As the result of a childhood wish, John Bennett's teddy bear, Ted, came to life and has been by John's side ever since - a friendship that's tested when Lori, John's girlfriend of four years, wants more from their relationship.
After a stint in a mental institution, former teacher Pat Solitano moves back in with his parents and tries to reconcile with his ex-wife. Things get more challenging when Pat meets Tiffany, a mysterious girl with problems of her own.
David O. Russell
Robert De Niro
In order to gain influence over their North Carolina district, two CEOs seize an opportunity to oust long-term congressman Cam Brady by putting up a rival candidate. Their man: naive Marty Huggins, director of the local Tourism Center.
English rock star Aldous Snow relapses into drugs and booze after a break up and a disastrous record. In L.A., Aaron Green works for a record company stuck in recession. Aaron's boss gives him a career making task - to bring Aldous from London to L.A. for a concert in 72 hours. That day, Aaron's girlfriend Daphne tells him she wants to finish her medical residency in Seattle. Aaron's sure this ends their relationship. In London, things aren't much better: Aldous delays their departure several times, plies Aaron with vices, and alternates between bad behavior and trenchant observations. Can Aaron moderate Aldous's substance abuse and get him to the Greek? What about Daphne? Written by
Russell Brand filmed scenes performing as rock star Aldous Snow at his sell-out comedy show "Scandalous", in front of 20,000 people, at the O2 arena in London. Jack Black and Jason Segel joined him on stage. See more »
When Aldous and Aaron are in the limo, on the way to the Today (1952) show, the limo passes some buildings on First and Second Avenue twice. See more »
I labored under the myth of monogamy for sever years with Jackie and it was pointless.
So you only slept with Jackie?
No, I slept with other people but I always told her about it. Monogamy.
See more »
After the end credits role, Aaron Green's hallucination of Sergio's head appears saying, "Go home. Get the fuck out of the theater. The movie's over." See more »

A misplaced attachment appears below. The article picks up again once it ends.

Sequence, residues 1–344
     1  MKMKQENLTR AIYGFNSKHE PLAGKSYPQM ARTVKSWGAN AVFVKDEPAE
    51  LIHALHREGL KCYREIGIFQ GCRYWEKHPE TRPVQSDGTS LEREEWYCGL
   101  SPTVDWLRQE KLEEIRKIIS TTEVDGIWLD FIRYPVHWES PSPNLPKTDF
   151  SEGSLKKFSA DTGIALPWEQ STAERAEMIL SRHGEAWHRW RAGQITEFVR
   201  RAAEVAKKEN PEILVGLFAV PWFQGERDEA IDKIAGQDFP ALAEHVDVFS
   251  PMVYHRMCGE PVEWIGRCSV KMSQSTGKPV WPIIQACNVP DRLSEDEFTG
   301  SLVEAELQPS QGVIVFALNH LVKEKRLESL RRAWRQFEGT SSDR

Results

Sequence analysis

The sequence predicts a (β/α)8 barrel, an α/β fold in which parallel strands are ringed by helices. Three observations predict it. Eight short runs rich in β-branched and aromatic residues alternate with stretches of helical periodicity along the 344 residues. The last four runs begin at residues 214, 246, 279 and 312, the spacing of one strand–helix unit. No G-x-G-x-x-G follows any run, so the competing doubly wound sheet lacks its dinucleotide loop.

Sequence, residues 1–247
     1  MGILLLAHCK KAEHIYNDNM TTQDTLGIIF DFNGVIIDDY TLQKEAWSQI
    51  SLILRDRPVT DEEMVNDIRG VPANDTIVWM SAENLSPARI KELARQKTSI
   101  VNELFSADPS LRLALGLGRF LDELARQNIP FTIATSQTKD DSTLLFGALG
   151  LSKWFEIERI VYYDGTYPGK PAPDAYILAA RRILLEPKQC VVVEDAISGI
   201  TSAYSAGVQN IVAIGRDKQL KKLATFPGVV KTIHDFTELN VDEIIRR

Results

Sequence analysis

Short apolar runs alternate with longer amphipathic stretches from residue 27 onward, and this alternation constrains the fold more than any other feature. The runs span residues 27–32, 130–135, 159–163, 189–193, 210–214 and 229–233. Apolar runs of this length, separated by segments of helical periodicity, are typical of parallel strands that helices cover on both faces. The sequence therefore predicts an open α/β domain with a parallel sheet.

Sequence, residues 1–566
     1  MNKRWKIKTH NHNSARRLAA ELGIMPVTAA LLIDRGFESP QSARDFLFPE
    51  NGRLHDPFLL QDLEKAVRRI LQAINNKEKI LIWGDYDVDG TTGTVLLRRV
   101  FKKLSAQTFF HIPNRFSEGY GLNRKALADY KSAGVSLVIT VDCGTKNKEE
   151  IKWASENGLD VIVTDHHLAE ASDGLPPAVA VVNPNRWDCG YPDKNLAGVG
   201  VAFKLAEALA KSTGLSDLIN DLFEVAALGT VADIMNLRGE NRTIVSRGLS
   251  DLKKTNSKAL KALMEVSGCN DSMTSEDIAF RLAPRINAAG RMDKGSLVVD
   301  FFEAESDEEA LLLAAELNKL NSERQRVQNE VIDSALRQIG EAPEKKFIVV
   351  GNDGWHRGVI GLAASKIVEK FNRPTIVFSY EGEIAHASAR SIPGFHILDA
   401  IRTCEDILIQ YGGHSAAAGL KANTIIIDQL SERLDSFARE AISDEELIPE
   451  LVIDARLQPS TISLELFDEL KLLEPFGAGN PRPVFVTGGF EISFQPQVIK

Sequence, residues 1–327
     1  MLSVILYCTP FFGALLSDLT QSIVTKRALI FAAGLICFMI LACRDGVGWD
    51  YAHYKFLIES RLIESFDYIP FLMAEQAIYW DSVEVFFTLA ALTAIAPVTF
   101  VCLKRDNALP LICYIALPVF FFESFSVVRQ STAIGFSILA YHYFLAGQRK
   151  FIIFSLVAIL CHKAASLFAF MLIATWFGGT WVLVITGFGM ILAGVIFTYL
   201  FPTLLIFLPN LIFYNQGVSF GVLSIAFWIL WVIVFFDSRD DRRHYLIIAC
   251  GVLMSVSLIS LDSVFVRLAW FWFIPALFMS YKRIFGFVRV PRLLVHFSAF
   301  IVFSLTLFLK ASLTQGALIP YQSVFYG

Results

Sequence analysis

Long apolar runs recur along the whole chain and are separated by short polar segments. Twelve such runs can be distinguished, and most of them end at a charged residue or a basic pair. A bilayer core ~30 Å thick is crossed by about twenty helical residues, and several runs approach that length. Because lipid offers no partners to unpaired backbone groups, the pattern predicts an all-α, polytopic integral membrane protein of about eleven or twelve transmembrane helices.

When I saw the trailers for Greek, they looked moderately funny. I hadn't seen Sarah Marshal, so I had no idea what that was all about. But, reviews were good and I thought, hey, what the heck. What I found was a very funny Apatow-filmish take on the rock n roll film. All the elements of a usual Apatow troop film are there: focus on unusual moments, sex drugs and gross out humor, friendship and some serious moments, and the breaking down of typical film trappings. Suffice to say, this is a great summer comedy.
The film, as many know, charges Allen Green with getting washed up rock star Aldous Snow to the Greek Theater in LA for a 10th anniversary concert. As one would guess, things don't go accordingly, and a whole lot of comedy ensues. The film, more than anything, is essentially a rock pic. It's about the life of this rock star who has burned out his bulb and is attempting to put in a new one. And as Aldous Snow, Russel Brand is fantastic. He truly embodies this rock star and you feel he really IS this character. He boozes it up, drugs it up, sexes it up, and whatever other manner of things a rock star might abuse. He's a mess of a guy, and like so many famous people who have gone south, he's a complicated person who has let fame get the best of him. This is translated extremely well. Despite all the comedy, this is an excellent rock and roll biopic type film. Jonah Hill is great as the lead character with baggage of his own and he does what he does best here, although he plays a more awkward kind of character versus his geek-in- charge style that we're so accustomed too.
Stealing the show, however, is Sean Combs, who plays Green's boss Sergio. Every scene he is in is hilarious and he is surprisingly funny. It was definitely pleasant to see him pull off such a funny role. The other supporting characters are great, doing a fine job of being very funny themselves. Most of the film falls into stages of comedy bits, and all are pretty damned hilarious. There's nothing here that's too ridiculous, which is nice. There is once scene that kind of makes you raise a brow, but it's just so damn funny, you forget how insane it is. And that's really the charm of the film. Everything about it is larger than life, yet believable. This is exactly why it perfectly molds both the rock star film and an Apatow comedy so perfectly. It's the kind of comedy you would expect it to be, while not knowing exactly what is going to happen. If you don't like these kinds of comedies, this one may not be for you. But if you've enjoyed other films like Sarah Marshal, Pineapple Express, and other Apatow troop films, you'll find Greek hilarious. I know I did.
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